|The former court at Terrington St Clement|
Later in the proceedings, Kenneth Holman of 134 Lynn Road was called to the witness box, but refused to take the oath. He later returned, and gave evidence. He was declared to be a hostile witness. On April 20th, Collins said, after unsuccessfully applying for bail, "I have had time to think about this. As far as I am concerned, I know nothing about anyone being threatened, and I think the Superintendent should not have said that"
The eventual trial took place at Hertford Assizes, where the Presiding Judge was Mr Justice Glyn-Jones , who had represented the parents at the Aberfan enquiry Other people declared to be hostile witnesses were Valerie June Foley, who was asked if she lived at 24 Guild Road, but denied it. She refused to look at a statement she had previously made to the police. Friends of the suspects leapt to their defence. Warden said he had been to the fair, went to his parents' home, watched TV and then fell asleep in the chair. John Richard Warden, of 33 Bath Road, said he had come home to find his son asleep in the chair. Grace Evelyn Warden corroborated the story. At the time David Warden was living with Sandra Setchfield, but was always "popping in and out." At the trial, Mr Michael White, the landlord of The Bowling Green said that Cooper and Warden had been in there drinking, but did not return as they usually did before closing time. They had been whispering, and talking to each other outside. Cooper claimed that on the night of the murder he was trying to break into a garage in Lynn Road, Wisbech, to steal cigarettes. Due to give evidence, Kenneth Osborne Holman failed to arrive, and a warrant was issued for his arrest. Holman was widely believed to have been intimidated into silence and he was later sentenced to three months in jail. Cooper was known as a local thief, had been in prison, but had no record of violence.
Against a background of intimidation, local loyalties and the fear that hardened criminals inspired amongst Waterlees residents, there were eventual convictions. The verdict was that the men were guilty of manslaughter. Glyn Jones said that it was "One of the worst cases of manslaughter ever to come before me." Cooper was judged to be the planner and was sentenced to fifteen years for manslaughter and five for burglary, to run concurrently. Warden, who used the violence received twelve and five, as did Collins. No-one, apart from the criminals themselves, has ever suggested that there was a miscarriage of justice in 1967. In his statements, Warden seemed to be saying that yes, he had done it, but the police would be hard pushed to prove anything, as the killers had been meticulous about leaving no traces.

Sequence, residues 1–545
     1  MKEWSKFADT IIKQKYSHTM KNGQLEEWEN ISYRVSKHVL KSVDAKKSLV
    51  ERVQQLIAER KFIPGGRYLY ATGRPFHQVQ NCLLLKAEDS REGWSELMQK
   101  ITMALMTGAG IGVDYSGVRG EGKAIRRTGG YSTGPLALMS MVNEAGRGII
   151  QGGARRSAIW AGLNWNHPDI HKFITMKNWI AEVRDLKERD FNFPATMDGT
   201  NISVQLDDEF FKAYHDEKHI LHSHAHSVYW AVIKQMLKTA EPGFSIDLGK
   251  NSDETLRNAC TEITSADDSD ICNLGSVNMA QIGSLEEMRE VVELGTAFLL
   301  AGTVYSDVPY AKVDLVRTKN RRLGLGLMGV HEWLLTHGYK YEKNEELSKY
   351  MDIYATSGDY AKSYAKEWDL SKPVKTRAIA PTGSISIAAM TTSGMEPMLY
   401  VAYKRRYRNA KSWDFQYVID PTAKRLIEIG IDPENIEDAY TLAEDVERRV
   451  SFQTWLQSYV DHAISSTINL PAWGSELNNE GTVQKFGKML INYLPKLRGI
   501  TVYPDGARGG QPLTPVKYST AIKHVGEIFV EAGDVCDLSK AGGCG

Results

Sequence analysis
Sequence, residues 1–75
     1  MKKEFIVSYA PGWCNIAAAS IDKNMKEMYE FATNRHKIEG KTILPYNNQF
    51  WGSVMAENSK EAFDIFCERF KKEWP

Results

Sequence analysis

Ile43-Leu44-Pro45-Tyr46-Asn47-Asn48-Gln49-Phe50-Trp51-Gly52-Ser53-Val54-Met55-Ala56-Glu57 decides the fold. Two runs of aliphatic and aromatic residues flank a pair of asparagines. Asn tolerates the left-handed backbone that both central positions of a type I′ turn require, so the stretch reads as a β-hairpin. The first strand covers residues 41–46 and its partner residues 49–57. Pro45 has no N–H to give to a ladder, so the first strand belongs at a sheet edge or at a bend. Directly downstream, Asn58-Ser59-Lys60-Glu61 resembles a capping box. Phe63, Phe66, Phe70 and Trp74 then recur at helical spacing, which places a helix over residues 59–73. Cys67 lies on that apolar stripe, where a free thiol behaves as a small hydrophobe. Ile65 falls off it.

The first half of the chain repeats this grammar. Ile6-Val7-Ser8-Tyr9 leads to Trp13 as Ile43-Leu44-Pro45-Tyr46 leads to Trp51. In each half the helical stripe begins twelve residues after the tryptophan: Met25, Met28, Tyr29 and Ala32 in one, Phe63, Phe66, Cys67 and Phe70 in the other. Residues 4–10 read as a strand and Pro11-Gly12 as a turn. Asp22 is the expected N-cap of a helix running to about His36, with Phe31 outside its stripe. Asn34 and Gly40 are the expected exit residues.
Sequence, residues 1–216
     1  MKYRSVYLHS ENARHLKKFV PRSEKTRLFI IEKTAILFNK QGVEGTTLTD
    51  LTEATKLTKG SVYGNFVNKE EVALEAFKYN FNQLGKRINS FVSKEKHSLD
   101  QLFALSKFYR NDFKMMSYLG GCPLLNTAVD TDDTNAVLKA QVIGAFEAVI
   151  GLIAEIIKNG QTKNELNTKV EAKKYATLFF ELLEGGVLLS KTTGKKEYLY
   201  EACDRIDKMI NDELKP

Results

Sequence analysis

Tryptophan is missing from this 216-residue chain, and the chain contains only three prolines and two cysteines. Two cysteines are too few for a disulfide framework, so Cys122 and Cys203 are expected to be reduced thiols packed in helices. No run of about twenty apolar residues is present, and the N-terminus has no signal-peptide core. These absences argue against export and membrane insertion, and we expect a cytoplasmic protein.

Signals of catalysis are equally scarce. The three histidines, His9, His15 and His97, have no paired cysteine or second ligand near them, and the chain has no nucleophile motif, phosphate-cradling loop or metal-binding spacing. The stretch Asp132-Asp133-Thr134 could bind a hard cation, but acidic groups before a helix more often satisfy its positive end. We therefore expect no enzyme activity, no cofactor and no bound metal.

And yet, and yet. In 1977, Commander Wallace Virgo, head of the Serious Crime Squad, was convicted of corruption, and sent to jail . As the ensuing corruption investigations widened, the obscene publications squad was replaced in its entirety with a new group of officers drawn from the uniformed branch, and in all over twenty detectives were dismissed or required to resign. When the cases ultimately came to trial in 1977 the presiding judge Mr Justice Mars-Jones summarised those involved as having engaged in "corruption on a scale which beggars description" Ten years earlier, had the case-hardened and confident London detectives arrived in the relative backwater of the Fens and 'done a job' on some local men who were certainly career petty criminals, but not very bright? The jury's verdict was certainly unequivocal, and the three men were perhaps lucky to have only been convicted of manslaughter. The last executions in mainland Britain had been in August 1964, so the three were never going to face the death penalty, but they were certainly reprieved from a much longer life sentence. The killing of John Auger is by no means an unsolved crime, but the suspicion remains that there were others involved who did not face justice.